2. Graduates advance the practice of occupational therapy by applying comprehensive knowledge of the profession's theoretical and evidentiary base.
  3. Graduates influence traditional and emerging practice markets by optimizing leadership and advocacy capacities and employing creative, collaborative, and innovative problem solving.

Courses

The Doctor of Occupational Therapy program is a full-time enrollment (9 semester), 105 credit, capstone based, cohort designed professional degree program culminating in student eligibility to sit for the national certification examination and obtain state licensure in occupational therapy practice. The program is an active learning professional curriculum with blended didactic, fieldwork and service-learning experiential, and capstone components designed to meet the Accreditation Council for Occupational Therapy Education (ACOTE) accreditation standards.

Summer Year 1

OCCT 721 Foundations of Occupational Therapy Practice 2 credits
OCCT 749 Occupations I 6 credits

Fall Year 1

OCCT 750 Occupations II 4 credits
OCCT 752 Occupation, Health and Wellness across the Life Span 3 credits
OCCT 754 Professional Reasoning and the Occupational Therapy Process 3 credits
OCCT 756 Professional Identity and Ethical Formation 3 credits
OCCT 821 Theories of Inquiry and Scholarly Literature 3 credits

Spring Year 1

OCCT 751 Occupations III 3 credits
OCCT 752 Pediatric Habilitation and Rehabilitation: Theory and Practice 6 credits
OCCT 769 FW I Pediatrics 1 credits
OCCT 755 OT Evaluation of Occupational Performance 3 credits
OCCT 822 Using Evidence to Inform Practice 3 credits

Summer Year 2

OCCT 841 Online Education and Learning in Healthcare and Health Education 2 credits
OCCT 843 Online Leadership and Advocacy in Occupational Therapy Practice 2 credits
OCCT 845 Online Health Care Policy and Program Management 2 credits
OCCT 847 Online Therapeutic Relationship and Client Collaboration 2 credits

Fall Year 2

OCCT 850 Adult Rehabilitation: Theory and Practice 6 credits
OCCT 852 Evaluation and Intervention of the Upper Extremity 3 credits
OCCT 869 FW I Adults 1 credits
OCCT 854 OT Technology and Context Adaptation 2 credits
OCCT 856 Interprofessional Telehealth Care 1 credits
OCCT 858 Critical Analysis of Occupational Therapy Practice 3 credits

Spring Year 2

OCCT 851 Productive Aging and Rehabilitation: Theory and Practice 3 credits
OCCT 853 Mental Health Promotion and Recovery: Theory and Practice 6 credits
OCCT 870 FW I Psychosocial 1 credits
OCCT 855 Occupational and Activity Analysis 2 credits
OCCT 859 Scholarship of Practice Approaches and Design 3 credits
OCCT 890 Practice Scholar Seminar I 1 credits

Summer Year 3

OCCT 868 FW II A 6 credits
OCCT 870 Online Community and Population Health 1 credits
OCCT 891 Online Practice Scholar Seminar II 1 credits

Fall Year 3

OCCT 869 FW II B 6 credits
OCCT 871 Online Professional Development Planning 1 credits
OCCT 892 Online OT Practice scholar Seminar 1 credits

Spring Year 3

OCCT 893 Capstone 7 credits
OCCT 894 Online Practice Scholar Symposium 2 credits

Fieldwork

Active and applied learning is the cornerstone of the ODU OTD program and is integrated across and in alignment with the curriculum. The fieldwork education components of the curriculum are co-designed by the faculty, fieldwork educators, and students and led by the program's Academic Fieldwork Coordinator (AFWC) to ensure that active learning experiences support program learning objectives and student interests.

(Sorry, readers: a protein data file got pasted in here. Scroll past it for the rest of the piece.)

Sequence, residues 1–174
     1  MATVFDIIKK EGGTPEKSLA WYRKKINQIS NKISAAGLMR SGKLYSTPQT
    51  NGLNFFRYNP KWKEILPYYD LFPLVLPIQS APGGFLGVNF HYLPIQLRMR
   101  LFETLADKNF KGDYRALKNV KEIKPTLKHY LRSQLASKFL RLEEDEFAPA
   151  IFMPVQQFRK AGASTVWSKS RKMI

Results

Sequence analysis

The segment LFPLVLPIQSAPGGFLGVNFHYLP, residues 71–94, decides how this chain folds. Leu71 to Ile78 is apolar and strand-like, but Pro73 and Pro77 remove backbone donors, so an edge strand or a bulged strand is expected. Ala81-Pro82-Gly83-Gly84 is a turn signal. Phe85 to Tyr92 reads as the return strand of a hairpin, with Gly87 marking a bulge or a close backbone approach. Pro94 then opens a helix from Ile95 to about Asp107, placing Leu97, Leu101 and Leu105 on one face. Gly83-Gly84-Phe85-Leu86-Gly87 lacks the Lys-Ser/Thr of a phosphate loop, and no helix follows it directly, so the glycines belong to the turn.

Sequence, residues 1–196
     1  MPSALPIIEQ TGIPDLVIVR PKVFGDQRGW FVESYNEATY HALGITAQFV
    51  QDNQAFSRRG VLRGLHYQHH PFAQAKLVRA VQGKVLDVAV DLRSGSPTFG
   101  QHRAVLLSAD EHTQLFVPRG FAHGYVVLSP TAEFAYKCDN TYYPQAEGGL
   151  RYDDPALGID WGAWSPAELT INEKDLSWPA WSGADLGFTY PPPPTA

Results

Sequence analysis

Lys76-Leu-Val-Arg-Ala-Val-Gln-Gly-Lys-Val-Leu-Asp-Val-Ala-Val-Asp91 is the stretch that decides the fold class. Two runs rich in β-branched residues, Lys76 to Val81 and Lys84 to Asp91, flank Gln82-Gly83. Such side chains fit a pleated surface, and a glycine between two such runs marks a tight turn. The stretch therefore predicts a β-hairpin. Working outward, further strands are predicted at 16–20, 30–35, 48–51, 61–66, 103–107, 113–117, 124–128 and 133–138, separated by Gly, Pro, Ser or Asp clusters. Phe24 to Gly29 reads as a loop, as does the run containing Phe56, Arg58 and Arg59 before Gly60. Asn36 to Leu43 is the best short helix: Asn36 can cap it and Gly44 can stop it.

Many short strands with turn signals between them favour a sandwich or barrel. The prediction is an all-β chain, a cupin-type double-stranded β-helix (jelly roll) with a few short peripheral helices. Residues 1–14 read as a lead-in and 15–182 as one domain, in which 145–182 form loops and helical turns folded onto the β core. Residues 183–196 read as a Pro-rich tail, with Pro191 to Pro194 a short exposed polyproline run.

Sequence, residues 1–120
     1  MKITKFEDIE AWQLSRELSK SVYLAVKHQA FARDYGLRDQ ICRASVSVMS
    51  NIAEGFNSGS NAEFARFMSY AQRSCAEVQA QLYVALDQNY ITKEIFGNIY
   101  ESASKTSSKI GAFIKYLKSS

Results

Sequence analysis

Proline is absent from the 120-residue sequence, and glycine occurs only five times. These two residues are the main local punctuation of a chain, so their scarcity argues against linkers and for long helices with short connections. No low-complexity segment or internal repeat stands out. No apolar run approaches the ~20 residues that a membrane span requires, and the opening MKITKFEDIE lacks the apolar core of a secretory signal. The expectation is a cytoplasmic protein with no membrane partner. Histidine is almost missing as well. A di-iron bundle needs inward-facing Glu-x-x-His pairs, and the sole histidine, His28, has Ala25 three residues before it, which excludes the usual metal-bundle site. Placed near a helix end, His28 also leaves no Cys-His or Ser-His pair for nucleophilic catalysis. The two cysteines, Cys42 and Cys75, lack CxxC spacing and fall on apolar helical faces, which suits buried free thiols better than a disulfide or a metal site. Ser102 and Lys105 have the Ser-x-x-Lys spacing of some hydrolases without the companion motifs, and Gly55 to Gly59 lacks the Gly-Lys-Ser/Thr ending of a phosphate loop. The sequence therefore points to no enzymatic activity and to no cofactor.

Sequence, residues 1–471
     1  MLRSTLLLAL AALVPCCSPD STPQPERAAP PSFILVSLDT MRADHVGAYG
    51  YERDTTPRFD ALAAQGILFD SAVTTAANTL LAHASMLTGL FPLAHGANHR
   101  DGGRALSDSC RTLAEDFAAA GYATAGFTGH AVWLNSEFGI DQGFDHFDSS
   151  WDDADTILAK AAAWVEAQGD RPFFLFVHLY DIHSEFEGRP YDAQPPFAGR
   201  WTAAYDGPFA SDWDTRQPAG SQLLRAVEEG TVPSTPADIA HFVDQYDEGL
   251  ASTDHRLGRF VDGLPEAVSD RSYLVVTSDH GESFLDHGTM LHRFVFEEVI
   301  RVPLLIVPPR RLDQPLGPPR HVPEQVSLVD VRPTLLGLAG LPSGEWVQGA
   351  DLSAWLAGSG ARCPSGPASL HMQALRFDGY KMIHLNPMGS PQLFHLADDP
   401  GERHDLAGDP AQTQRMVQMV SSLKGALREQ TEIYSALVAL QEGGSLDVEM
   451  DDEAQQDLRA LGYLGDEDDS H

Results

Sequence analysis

Fieldwork I: In their first and second years in the program, ODU OTD students participate in over 240 hours of structured Fieldwork I experiences that are co-led by the AFWC, program faculty, and fieldwork educators. During their fieldwork experiences, students engage in a combination of applied coursework, simulated activities, structured community-based activities, and supervised evaluation and intervention of clients. In alignment with course content, students engage in evaluation and intervention planning within a variety of practice settings and a diverse array of clients. Faculty led experiences in client care followed by debriefing aligns with each of the evaluation and intervention courses and strengthens students' knowledge of occupation and its value in promoting health, the occupational therapy process, leadership and advocacy, and the translation of evidence to practice.

Fieldwork II: At the start of their third year, students begin their fieldwork II experiences. Fieldwork II is characterized by two twelve-week full-time experiences in occupational therapy practice in a variety of settings with individuals, communities, and populations. Students are placed in a variety of settings where they engage in delivering services to individuals, communities, and populations within a traditional apprenticeship model of professional supervision. During this fieldwork experience, students additionally participate in innovative occupation focused intervention implementation and research, program development and assessment, and education.

To learn more about the ODU OTD Fieldwork Program or to join our Consortium of Associate Faculty and Fieldwork Educators please contact our AFWC, Nancy Krolikowski at nkroliko@odu.edu.